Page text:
It got me thinking about how the episodic content had become part of the life cycle of Guild Wars 2. The original Living World run had a ‘blink and you’ll miss it’ mentality to it, that each piece of that first evolving world is now, for the most part, unavailable to players. Some moments have returned in the form of Mai Trin and the Molten Bosses in Fractals, Guild Wars 2’s piecemeal endgame content. But some of the big set pieces like Battle For The Breach Maker or the Marionette fight are still stated by large swatches of the community as fact that it’s the best content and needs to be back in the game. If such a departure from the day to day of Guild Wars 2, something like Super Adventure Box, has lost its veneer then how will content that was inserted as part of an experimental narrative run have aged?
As a long time player I’m very aware and very proud to have been part of the community during its formative stages of narrative development. In July 2013 my PC blew up because The Witcher 2 asked too much of it. While it was being repaired, I missed the only Living World Season 1 content that stares at me incomplete from the Historical Achievements panel; Cutthroat Politics. From what could easily be construed as a cynical take on modern politics, no matter who you voted for and who won, nothing changed in the game. True, it might not have been the most engaging content, unlike Queen’s Gauntlet or Nightmare Tower but it was still a valid part of the game and rightly deserves to be remembered.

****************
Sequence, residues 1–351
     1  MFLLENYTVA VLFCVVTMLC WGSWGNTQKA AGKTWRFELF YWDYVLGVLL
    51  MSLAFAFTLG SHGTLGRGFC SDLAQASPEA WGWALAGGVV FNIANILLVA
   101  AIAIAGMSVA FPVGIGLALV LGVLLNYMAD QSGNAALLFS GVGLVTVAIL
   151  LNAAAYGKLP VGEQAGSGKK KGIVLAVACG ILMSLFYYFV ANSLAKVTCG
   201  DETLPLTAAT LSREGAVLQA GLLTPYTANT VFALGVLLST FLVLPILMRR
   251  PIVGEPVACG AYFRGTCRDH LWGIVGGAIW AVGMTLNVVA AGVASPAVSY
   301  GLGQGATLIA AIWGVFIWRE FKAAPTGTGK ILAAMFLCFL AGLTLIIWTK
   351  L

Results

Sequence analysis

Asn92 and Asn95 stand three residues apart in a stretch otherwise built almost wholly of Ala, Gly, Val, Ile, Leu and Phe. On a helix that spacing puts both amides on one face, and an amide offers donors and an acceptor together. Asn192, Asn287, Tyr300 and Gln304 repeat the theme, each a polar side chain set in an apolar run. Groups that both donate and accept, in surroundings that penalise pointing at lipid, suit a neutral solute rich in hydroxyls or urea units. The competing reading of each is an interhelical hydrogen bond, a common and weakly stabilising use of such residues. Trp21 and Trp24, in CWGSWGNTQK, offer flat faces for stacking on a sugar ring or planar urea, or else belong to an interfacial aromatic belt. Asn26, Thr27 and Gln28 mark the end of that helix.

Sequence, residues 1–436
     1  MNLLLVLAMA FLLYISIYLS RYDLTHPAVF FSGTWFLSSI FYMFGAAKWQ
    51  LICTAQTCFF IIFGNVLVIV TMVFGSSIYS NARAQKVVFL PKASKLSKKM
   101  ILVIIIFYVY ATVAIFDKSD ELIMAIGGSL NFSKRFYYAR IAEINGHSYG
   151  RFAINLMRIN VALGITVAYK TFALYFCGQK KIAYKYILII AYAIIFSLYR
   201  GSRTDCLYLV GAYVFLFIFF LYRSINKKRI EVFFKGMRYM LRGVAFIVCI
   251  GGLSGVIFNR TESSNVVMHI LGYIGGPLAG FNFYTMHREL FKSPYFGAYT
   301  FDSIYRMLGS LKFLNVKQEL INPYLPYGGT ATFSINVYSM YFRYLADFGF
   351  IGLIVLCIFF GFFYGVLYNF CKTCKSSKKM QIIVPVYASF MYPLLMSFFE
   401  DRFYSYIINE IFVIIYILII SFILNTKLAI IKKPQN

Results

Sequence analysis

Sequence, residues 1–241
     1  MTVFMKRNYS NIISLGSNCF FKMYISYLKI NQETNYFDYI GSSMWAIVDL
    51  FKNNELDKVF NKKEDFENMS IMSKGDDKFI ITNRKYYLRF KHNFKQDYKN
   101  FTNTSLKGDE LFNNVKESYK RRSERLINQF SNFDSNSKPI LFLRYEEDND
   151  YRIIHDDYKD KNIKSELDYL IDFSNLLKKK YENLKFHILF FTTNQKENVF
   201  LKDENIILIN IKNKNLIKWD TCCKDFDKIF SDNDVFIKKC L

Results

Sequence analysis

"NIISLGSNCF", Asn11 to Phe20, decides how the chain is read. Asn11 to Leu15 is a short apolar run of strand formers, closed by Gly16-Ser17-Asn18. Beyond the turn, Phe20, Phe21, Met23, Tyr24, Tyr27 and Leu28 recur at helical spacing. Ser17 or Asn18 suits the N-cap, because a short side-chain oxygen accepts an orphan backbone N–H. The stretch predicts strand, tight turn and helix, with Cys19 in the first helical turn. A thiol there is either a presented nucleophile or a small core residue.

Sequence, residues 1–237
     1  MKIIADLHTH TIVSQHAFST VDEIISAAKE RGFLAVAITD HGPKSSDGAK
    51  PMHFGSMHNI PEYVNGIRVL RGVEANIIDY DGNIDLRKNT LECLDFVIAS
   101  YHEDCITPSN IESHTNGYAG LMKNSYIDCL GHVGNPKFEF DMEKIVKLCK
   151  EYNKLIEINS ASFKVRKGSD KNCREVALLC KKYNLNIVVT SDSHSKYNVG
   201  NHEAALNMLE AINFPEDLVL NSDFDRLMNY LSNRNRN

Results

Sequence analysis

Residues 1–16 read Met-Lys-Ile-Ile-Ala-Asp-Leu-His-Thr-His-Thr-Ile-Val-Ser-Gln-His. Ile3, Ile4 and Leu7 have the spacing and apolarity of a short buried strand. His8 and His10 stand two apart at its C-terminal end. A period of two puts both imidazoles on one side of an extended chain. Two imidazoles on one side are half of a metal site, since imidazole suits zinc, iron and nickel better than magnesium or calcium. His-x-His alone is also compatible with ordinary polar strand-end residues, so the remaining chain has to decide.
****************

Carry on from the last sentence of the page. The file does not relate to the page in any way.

DOES THIS MAKE MY CONTENT LOOK FAT?
So, are all game updates created equal? Perhaps. But when the audience tied an emotional attachment not just to a single entry in 15-month content release cycle, it’s unreasonable to think there won’t be highs and lows. Season 1 itself didn’t get off to a fantastic start, Flame & Frost: Prelude giving you the highly unenviable job of repairing road signs and in the process getting the highly-lauded but laughable title of Volunteer. Season 1 didn’t really have a stride to hit; the highs were exceptionally high and the lows delved down into a deep abyss that should never really see the light of day. Questionable design decisions were made, like the reworking of the beautiful Kessex Hills from a green, verdant pasture (mostly) to large swathes being poisoned grey by the Toxic Alliance.
Super Adventure Box initially fit into that release cadence but as time has passed and it comes back to use every year it’s now fit into the festival release cycle which now brings its own set of problems. Halloween, Wintersday, Lunar New Year, Dragon Bash and now Super Adventure Box all sit within an established realm of content that appears for two weeks during the year and then disappears. Halloween has significantly redeemed itself in the last two releases by offering new skins as well as the chance to earn old ones that hadn’t been seen in the game since 2012, by reintroducing cut content in the form of Reaper’s Rumble PvP and adding a race for the newest mount in the game, the beetle. Halloween even got its own major update in 2013 with the Labyrinth added, as well as story instances for the Bloody Prince.